The emerging role of p53 in exercise metabolism

Sports Med. 2014 Mar;44(3):303-9. doi: 10.1007/s40279-013-0127-9.


The major tumour suppressor protein, p53, is one of the most well-studied proteins in cell biology. Often referred to as the Guardian of the Genome, the list of known functions of p53 include regulatory roles in cell cycle arrest, apoptosis, angiogenesis, DNA repair and cell senescence. More recently, p53 has been implicated as a key molecular player regulating substrate metabolism and exercise-induced mitochondrial biogenesis in skeletal muscle. In this context, the study of p53 therefore has obvious implications for both human health and performance, given that impaired mitochondrial content and function is associated with the pathology of many metabolic disorders such as ageing, type 2 diabetes, obesity and cancer, as well as reduced exercise performance. Studies on p53 knockout (KO) mice collectively demonstrate that ablation of p53 content reduces intermyofibrillar (IMF) and subsarcolemmal (SS) mitochondrial yield, reduces cytochrome c oxidase (COX) activity and peroxisome proliferator-activated receptor gamma co-activator 1-α protein content whilst also reducing mitochondrial respiration and increasing reactive oxygen species production during state 3 respiration in IMF mitochondria. Additionally, p53 KO mice exhibit marked reductions in exercise capacity (in the magnitude of 50 %) during fatiguing swimming, treadmill running and electrical stimulation protocols. p53 may regulate contractile-induced increases in mitochondrial content via modulating mitochondrial transcription factor A (Tfam) content and/or activity, given that p53 KO mice display reduced skeletal muscle mitochondrial DNA, Tfam messenger RNA and protein levels. Furthermore, upon muscle contraction, p53 is phosphorylated on serine 15 and subsequently translocates to the mitochondria where it forms a complex with Tfam to modulate expression of mitochondrial-encoded subunits of the COX complex. In human skeletal muscle, the exercise-induced phosphorylation of p53(Ser15) is enhanced in conditions of reduced carbohydrate availability in association with enhanced upstream signalling through 5'adenosine monophosphate-activated protein kinase but not p38 mitogen-activated protein kinase. In this way, undertaking regular exercise in carbohydrate restricted states may therefore be a practical approach to achieve the physiological benefits of consistent p53 signalling. Although our knowledge of p53 in exercise metabolism has advanced considerably, much of our current understanding of p53 regulation and associated targets is derived from various non-muscle cells and tissues. As such, many fundamental questions remain unanswered in contracting skeletal muscle. Detailed studies concerning the time-course of p53 activation (including additional post-translational modifications and subsequent subcellular translocation), as well as the effects of exercise modality (endurance versus resistance), intensity, duration, fibre type, age, training status and nutrient availability, must now be performed so that we can optimise exercise prescription guidelines to strategically target p53 signalling. The emerging role of p53 in skeletal muscle metabolism therefore represents a novel and exciting research area for exercise and muscle physiologists.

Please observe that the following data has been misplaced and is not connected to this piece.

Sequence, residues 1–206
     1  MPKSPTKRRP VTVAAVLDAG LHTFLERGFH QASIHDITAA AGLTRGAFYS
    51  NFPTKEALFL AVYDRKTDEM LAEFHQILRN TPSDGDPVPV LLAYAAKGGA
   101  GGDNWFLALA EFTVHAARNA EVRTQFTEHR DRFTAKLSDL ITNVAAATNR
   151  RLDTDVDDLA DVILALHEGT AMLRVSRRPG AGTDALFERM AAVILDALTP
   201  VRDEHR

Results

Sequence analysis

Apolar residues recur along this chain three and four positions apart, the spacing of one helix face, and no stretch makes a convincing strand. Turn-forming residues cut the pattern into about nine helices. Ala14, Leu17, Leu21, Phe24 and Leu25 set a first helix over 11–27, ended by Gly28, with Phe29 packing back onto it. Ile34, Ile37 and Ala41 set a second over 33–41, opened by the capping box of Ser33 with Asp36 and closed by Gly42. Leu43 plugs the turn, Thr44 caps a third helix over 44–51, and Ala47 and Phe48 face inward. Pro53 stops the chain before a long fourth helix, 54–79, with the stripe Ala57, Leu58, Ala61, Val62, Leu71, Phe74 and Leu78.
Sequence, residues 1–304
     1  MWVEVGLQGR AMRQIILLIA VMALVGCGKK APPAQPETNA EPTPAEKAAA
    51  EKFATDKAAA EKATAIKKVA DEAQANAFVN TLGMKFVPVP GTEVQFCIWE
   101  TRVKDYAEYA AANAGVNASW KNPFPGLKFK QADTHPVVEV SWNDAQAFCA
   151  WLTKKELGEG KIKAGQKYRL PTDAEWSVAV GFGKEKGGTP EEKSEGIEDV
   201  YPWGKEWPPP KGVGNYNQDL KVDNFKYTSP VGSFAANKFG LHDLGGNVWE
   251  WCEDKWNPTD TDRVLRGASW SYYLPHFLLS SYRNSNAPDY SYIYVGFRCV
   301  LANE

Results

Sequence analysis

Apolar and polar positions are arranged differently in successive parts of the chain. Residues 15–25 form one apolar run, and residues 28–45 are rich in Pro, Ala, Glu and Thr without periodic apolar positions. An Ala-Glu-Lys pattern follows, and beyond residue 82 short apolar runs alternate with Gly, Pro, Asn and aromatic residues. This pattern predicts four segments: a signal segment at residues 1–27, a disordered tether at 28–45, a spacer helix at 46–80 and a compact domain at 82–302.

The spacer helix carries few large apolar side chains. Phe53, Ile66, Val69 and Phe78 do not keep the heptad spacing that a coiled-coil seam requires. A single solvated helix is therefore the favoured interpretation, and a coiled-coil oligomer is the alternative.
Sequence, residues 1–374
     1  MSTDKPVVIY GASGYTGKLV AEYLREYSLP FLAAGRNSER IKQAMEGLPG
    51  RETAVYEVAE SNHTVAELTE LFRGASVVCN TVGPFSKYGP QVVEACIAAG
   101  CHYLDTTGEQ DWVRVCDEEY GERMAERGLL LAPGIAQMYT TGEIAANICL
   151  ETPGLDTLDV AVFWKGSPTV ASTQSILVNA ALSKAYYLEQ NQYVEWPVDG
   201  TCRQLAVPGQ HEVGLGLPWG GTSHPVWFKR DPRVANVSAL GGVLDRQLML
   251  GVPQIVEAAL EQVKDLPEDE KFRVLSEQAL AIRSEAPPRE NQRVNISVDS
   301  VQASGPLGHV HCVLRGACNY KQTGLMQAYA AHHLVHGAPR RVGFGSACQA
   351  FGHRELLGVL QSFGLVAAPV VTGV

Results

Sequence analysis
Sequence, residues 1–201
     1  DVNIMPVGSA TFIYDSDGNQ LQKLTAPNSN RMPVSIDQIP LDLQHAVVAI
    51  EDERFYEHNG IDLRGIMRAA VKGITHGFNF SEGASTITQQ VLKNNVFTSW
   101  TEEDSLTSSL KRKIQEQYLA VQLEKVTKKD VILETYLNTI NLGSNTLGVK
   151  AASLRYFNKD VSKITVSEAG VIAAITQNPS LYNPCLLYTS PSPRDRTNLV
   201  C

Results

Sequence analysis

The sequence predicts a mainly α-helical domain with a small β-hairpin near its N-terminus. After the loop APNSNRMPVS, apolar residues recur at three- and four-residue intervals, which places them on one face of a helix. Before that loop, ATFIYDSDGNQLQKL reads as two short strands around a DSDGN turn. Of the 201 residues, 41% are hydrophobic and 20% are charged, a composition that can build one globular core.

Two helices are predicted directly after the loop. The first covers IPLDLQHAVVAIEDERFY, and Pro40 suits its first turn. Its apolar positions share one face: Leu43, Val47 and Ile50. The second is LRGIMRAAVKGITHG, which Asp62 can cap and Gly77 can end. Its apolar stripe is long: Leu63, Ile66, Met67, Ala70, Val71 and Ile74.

Publication types

  • Review

MeSH terms

  • Animals
  • Cell Nucleus / metabolism
  • Exercise / physiology*
  • Exercise Tolerance
  • Gene Expression Regulation
  • Humans
  • Mitochondrial Turnover / genetics
  • Mitochondrial Turnover / physiology*
  • Muscle, Skeletal / metabolism*
  • Protein Transport
  • Signal Transduction*
  • Tumor Suppressor Protein p53 / physiology*


  • Tumor Suppressor Protein p53